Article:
“Here are my student-athletes looking at me, and if I’m not living authentically, then I’m conveying the wrong message,” she says. “They might be going through things, struggling with their own identity, and if they see someone in leadership whose actions are suggesting it’s shameful or wrong, they could be adversely impacted. I realized earlier in my career this was important. It’s not about me; I’m here to help the student-athletes. It’s not that I put a big banner on my door, but it’s being my true authentic self in conversations.”
The opportunity to continue to serve my alma mater is one of my greatest joys.
In September, McKinley will celebrate her fourth wedding anniversary with Dubravka McKinley-Maric. “My wife is known by a lot of student-athletes, because she accompanies me to events, and she’s very visible at games,” McKinley says. “They see her, know her. I’ve had several student-athletes, after they finished, say to me, ‘Thank you, because I was going through a lot of things, and you didn’t say or do anything, but being able to see that made me feel more at ease.’”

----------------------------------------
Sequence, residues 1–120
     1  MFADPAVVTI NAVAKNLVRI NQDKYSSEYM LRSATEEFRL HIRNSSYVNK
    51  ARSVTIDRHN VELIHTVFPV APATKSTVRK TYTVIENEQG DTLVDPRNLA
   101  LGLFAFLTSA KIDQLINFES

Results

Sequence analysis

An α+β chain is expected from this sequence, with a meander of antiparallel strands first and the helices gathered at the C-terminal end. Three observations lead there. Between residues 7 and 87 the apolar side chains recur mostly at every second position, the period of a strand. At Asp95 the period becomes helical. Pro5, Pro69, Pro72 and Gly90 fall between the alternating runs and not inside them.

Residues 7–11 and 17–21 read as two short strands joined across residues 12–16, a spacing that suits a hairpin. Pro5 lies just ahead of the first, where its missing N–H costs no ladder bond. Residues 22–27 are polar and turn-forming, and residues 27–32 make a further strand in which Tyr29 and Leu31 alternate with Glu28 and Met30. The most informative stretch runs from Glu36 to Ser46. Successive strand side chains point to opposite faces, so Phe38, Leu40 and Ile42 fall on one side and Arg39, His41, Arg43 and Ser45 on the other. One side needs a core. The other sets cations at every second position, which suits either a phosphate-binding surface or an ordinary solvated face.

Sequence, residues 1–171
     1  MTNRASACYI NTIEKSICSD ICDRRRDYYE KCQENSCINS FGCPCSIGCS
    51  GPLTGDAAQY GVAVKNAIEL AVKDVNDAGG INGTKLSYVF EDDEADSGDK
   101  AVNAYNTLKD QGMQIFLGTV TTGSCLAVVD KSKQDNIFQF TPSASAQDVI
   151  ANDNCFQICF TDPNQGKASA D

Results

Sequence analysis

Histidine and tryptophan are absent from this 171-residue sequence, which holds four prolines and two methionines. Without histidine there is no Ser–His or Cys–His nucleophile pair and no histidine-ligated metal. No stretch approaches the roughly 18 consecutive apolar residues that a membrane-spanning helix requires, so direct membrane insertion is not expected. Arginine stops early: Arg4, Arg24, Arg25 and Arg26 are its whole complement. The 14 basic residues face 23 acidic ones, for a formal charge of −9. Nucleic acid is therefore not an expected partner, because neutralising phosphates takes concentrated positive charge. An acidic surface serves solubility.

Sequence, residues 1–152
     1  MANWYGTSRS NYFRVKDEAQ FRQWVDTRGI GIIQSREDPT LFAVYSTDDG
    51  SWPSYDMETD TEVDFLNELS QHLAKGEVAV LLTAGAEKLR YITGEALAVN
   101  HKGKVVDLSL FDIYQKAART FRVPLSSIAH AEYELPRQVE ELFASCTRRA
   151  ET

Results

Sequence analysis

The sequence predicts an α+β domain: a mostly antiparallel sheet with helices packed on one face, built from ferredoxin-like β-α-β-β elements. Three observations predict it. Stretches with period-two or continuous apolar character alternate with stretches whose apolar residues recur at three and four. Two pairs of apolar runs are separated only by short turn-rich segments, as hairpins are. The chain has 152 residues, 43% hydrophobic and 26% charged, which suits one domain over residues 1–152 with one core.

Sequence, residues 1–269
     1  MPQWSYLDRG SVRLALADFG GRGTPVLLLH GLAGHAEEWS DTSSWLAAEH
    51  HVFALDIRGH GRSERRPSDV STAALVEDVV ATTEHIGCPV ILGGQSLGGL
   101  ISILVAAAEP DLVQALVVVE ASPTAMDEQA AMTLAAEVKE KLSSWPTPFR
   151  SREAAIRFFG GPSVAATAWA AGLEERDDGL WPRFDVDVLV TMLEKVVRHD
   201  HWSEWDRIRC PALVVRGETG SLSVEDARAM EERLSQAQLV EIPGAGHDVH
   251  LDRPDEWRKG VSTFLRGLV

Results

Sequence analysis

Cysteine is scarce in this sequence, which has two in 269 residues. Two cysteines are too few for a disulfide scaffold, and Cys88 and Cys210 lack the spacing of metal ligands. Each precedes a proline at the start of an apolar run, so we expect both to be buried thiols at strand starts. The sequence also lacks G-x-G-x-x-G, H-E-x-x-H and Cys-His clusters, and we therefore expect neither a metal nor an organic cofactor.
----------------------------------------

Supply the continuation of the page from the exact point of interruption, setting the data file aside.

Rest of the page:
As she approaches her 20th anniversary as a UC employee this August, McKinley has done what she set out to do: She has made a big, big impact. UC today offers greater support for student-athletes than ever before. And McKinley could not be happier in her role as a teacher who helps prepare students for the next phase of their lives.
“The opportunity to continue to serve my alma mater is one of my greatest joys,” McKinley says. “I had such a great experience as a student here at this institution. To get to continue to be on this campus every day is a joy I don’t take for granted.”